After The Collapse 0.5.1 : Underground Update
This is our first milestone update for After the Collapse, our post-apocalyptic base building game. We’ve been over most of the changes in this devlog on the official website. But simply put this is where we’re no longer just a cheap RimWorld clone. An underground layer has been added to the map. Dangerous caverns full of loot and hostile critters can be colonized by your survivors. The combat system has been entirely overhauled. The user interface is much easier to use thanks to better tool-tips and other improvements. We also fixed tons of issues, did a balance pass on many existing structures, and added new enemies and events.
This is only the first draft for the underground. Right now we spawn an optional cavern under the map, which you can access via stairs you can build. Sewers will be added next, and soon after the ability to start the game in an underground bunker. In any case, caverns are full of hostile enemies, loot boxes and stone (lot and lot of stones). You can construct most of your base underground, well it takes some initial resources, and you’ll still need to go upstair to deal with traders, get some wood and other loot, but beside that, once secured, the underground is a good place for your survivors to claim.
There’s a lot to go over. If you’re not familiar with our previous versions, the following might sound be a bit arcane. Firstly we removed the pacifist trait and the inability for depressed survivors to fight. While in theory it was a good idea, in practice, most people ended up extremely confused by the fact that some survivors would ignore orders in combat mode.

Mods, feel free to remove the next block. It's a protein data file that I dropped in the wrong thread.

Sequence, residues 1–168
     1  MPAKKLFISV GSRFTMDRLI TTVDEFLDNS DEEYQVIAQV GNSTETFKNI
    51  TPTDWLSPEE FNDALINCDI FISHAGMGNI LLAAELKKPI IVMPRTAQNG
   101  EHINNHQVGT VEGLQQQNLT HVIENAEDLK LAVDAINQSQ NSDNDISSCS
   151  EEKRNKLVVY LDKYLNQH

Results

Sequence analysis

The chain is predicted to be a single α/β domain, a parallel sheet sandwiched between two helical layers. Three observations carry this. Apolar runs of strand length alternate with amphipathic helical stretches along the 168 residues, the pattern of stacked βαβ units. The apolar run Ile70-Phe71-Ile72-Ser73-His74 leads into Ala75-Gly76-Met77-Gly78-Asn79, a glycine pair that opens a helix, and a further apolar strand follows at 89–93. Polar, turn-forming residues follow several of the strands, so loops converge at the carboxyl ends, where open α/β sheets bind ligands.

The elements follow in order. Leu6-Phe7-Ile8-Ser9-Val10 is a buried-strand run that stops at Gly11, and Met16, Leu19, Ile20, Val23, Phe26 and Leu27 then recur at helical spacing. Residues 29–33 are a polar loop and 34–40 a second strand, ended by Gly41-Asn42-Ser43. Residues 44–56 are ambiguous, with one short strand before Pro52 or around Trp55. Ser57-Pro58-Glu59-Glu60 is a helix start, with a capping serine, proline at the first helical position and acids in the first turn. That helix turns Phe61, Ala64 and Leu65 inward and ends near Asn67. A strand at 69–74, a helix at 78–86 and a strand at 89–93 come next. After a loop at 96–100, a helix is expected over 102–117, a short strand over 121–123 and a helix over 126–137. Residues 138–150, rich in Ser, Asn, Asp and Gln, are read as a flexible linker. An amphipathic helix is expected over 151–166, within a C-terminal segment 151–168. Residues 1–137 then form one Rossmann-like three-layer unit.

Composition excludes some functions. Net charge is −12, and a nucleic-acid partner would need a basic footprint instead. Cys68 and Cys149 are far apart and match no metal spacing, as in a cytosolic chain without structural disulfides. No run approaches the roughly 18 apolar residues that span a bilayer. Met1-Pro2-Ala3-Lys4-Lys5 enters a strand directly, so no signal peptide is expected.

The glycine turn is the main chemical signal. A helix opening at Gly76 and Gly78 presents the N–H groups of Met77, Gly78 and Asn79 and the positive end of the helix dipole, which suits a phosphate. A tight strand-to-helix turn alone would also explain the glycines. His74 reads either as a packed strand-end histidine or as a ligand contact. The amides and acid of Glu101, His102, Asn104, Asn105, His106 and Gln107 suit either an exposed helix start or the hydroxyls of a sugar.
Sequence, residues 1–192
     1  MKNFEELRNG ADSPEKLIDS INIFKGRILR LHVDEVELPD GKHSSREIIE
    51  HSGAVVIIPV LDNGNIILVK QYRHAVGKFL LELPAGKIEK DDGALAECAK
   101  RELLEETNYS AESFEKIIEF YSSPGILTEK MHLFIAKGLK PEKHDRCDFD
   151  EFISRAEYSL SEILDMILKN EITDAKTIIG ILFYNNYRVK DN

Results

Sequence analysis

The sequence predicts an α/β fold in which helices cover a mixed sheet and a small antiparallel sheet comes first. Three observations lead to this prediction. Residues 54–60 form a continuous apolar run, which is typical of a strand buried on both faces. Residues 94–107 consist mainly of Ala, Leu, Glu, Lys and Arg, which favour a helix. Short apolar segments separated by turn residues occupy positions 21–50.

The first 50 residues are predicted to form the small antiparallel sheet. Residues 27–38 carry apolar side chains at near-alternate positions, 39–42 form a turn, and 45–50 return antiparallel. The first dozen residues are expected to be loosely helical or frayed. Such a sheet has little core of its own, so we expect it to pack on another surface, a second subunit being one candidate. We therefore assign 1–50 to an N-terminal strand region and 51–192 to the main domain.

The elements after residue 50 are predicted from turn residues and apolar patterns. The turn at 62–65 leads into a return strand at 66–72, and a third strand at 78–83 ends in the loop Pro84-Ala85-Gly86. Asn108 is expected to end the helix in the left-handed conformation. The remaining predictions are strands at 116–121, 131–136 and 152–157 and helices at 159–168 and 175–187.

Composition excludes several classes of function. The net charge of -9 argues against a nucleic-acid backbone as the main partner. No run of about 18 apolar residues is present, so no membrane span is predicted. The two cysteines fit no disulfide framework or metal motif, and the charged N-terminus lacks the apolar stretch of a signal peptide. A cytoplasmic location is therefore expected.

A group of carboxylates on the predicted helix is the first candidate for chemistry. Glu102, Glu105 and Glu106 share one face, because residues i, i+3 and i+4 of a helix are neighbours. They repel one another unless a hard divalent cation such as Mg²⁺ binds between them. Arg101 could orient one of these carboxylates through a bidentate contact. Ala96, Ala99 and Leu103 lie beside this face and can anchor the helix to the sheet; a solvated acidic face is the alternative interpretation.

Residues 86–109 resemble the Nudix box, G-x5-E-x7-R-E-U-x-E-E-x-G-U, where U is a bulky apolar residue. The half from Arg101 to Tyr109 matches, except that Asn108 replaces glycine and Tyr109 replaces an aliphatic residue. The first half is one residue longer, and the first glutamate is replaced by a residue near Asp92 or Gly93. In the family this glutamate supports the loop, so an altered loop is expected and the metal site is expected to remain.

Secondly we’ve added lasso selection. It’s no longer necessary to select and give orders to survivors one by one. Instead you can just lasso all your settlers and move them around like in any RTS game (or like in rimworld). It follows the standard control pattern seen in most games: shift is used to queue orders. Ctrl is used to force an attack on something your people wouldn’t normally attack.
It makes combat much more enjoyable, but as for now, way too easy as the game is still balanced around the old control scheme. Of course we’ll fix that over time, but given how difficult it was before, enjoy this short-lived easy mode 🙂
Also armor and damage has been entirely overhauled. Armors provide a percentage based protection against damage types. Additionally, weapons have a “strength/penetration” property while armors (and anything that can be hit, really) has an “integrity” property. Simply put, an attack hitting something with a higher integrity than the strength of the attack will get a proportional damage reduction. For instance a simple punch has a very low penetration, a metal wall has a very high integrity. So punching a metal wall will deal much (much!) less damage than punching another human. Please refer to the comment section in our official devlog for more details.
Finally, the “military” skill is now a very important factor during combat. The higher the military skill the more likely the attacker will be to shoot at the less armored part of an enemy. As such, mercenaries and former military survivors are now invaluable in combat against tough opponents.
As this screenshot shows we’re relying on tool-tips and pop-ups to convey information that would have been hidden behind layers of cumbersome menus now. You can click pretty much anything now to get a short description and how much you’d get by disassembling said object. Additionally, we added shortcut information to all our main buttons and made the skin a bit more better looking. We also added icons to show disabled buildings and power conduits alongside more speech bubbles for most actions. You’ll also see an icon over depots you might have walled off by accident. As usual with the UI, it’s a work in progress. It’s improving alongside the game mechanics.